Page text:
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Hydrangea Highs and Cyanide Lows

Hydrangea by Tiago Fioreze

Hydrangea by Tiago Fioreze (CC BY-SA 3.0)

This has to be one of the dumbest things I’ve read in a while: “French hydrangea thieves search for the high life.”

One, stealing someones plants, or those from a public garden or arboretum, is low.  People spend time taking care of them so that others may enjoy them.  And two, stealing them to get high.  Seriously?  Smoking dried hydrangea in an attempt to get a marijuana-like buzz?  Really.  I’ve heard of this before many years ago.  It went about like this:

“Dude, I dried some hydrangea flowers and smoked it.  It was killer.  I was so buzzed I almost passed out.”
“Dumbass, go buy some weed before you kill yourself.”

But now it’s come back.  Maybe we’re aware of it more now because of increased social media and 24/7 news, or maybe our gene pool really is being polluted and people really are that dumb.  But why is it so dumb?  Let’s start at the source, with hydrangeas themselves.

The genus Hydrangea is composed of about 70 species that grow practically worldwide.  Originally from Asia and the Americas, the deciduous hydrangeas are typically bush-like in shape and grow from 1 meter in height up to 3 meters.  Their distinctive pop-pom like flower heads come in an assortment of colors, but the most common ones are the blues and whites (from my experience here in the US, at least).  For an amateur tip: the blue color can be enhanced by having a more acidic soil, around pH 6, which can be achieved in part by adding spent coffee grounds to the soil.



Now the the poisonous part.  It’s why you’re reading this, right?  The buds, flowers, and leaves all contain the glycoside amygdalin.  Amygdalin can be broken down in any number of ways to produce cyanide, the same chemical used in old gas chambers and the poison of choice of many real life, cinema, and literary villains.  Amygdalin is also the reason why raw almonds and peach pits are poisonous.

Acute cyanide poisoning is due to cytochrome c oxidase inhibition, which leads to histotoxic hypoxia.  In less geek-speak, your cells are starved of oxygen.  Trust me, it’s bad.  Inhaled cyanide, in sufficient doses, can cause coma, cardiac arrest, or death within minutes.  In non-lethal, yet still toxic doses, symptoms are loss of conciousness, fatigue, breathing difficulties, and light headedness.  This is because you are depriving yourself of oxygen.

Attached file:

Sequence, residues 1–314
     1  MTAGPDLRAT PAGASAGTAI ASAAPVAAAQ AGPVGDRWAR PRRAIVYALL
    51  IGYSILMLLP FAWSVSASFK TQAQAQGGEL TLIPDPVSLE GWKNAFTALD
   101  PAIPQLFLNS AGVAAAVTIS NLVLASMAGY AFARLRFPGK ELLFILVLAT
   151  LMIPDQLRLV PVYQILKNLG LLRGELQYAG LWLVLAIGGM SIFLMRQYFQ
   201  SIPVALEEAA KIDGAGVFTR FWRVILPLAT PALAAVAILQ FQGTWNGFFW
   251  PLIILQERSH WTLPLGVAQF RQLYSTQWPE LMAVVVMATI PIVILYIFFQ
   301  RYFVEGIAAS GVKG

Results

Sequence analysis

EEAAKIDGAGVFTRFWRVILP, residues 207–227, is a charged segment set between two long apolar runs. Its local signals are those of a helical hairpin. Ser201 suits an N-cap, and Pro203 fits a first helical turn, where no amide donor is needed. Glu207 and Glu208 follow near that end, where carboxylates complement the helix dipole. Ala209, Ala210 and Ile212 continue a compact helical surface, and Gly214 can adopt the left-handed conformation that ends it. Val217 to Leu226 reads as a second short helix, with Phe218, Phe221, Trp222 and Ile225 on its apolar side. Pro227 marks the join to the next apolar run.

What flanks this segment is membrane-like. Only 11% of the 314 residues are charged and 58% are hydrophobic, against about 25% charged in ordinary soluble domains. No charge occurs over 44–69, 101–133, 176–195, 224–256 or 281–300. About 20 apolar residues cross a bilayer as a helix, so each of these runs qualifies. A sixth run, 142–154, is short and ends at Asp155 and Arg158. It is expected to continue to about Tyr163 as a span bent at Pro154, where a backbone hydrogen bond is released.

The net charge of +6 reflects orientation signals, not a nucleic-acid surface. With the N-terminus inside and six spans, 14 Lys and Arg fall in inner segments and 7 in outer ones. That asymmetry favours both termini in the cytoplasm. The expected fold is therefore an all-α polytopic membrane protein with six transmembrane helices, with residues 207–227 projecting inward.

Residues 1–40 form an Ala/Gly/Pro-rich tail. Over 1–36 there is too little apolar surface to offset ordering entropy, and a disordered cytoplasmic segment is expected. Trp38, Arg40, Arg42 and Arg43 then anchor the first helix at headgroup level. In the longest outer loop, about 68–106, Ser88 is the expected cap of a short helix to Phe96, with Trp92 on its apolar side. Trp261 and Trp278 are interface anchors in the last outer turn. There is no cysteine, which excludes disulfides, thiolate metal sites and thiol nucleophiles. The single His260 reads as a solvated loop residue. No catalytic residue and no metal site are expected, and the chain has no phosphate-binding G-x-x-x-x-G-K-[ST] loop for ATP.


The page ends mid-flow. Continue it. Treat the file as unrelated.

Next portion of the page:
These types of poisonings are actually quite common.  The combustion of many plastics and polyurethanes gives off cyanide gas, which can poison not only the fire victims but emergency responders as well.  Factories, theaters, mobile homes, and even burning plastics outside are sources of cyanide.  And because it is so deadly, some have tried to use it for terrorism and mass murder.  Scumbags.

So back to hydrangeas.  Smoking dried hydrangea leaves can give you a (presumably) sub-lethal dose of cyanide, via amygdalin, that would deprive your body of oxygen and leave oneself light headed and a feeling of being “high.”  I’d rather call it “low”, as in low oxygen.  Low IQ.  Low ability to score some weed.  Do we have a category in the Darwin Awards for this type of behavior?  Can we get one?

The part that irks me is the stealing of someone’s hydrangeas.  Hell, if I had known they wanted them so bad I would have given them mine.  I ripped three huge ones out of my front yard last summer.

8 thoughts on “Hydrangea Highs and Cyanide Lows

  1. I retort that tobacco also produces cyanide during combustion. How much cyanide is being ingested? Can you suggest to me that our potheads in question aren’t inhaling significantly more cyanide than that of an average cigarette?

    I agree that cyanide poisoning is a no-no. Quit smoking, kids. But you’re comparing hydrangea flowers to a gas chamber. I raise my hand at this.

  2. Probably you need more research. I found an interesting information in the document published from the government where I live. According to the document, most of people think Hydrangea contains cyanide because of the paper published in 1920. But It was wrong and corrected in the other paper published in 1963. I couldn’t find an access to both papers so I’m really not sure but I got a reference for these two papers. Take a look at these papers if you’re interested in this issue.

    Bruce, E. A. Hydrangea poisoning. J. Am. Vet. Med.
    Assoc., 58, 313315 (1920).

    Palmer, K. H. The structure of hydrangin. Can. J.
    Chem., 41, 23872389 (1963).

    In fact, I always doubt “Hydrangea contains cyanides” theory after one of my friend told me she’s drinking a traditional tea called “ama-cha”. It’s the tea of “Hydrangea macrophylla var. thunbergii” so it made me surprised at first. I thought the tea have a long history in my country so if it’s contains a toxic substances people must realize that for long time before. Or maybe, maybe it’s just a odd strain which is especially low concentration of cyanides. I really don’t know but curious about this.

  3. Pingback: Plant lovers, keep an eye on your 'highdrangeas' -

  4. Pingback: Plantenliefhebbers, houd je 'highdrangeas' in de gaten

  5. Pingback: ¿Son las hortensias tóxicas para las mascotas y los humanos? Sí, he aquí por qué - Tu Casa Ideas

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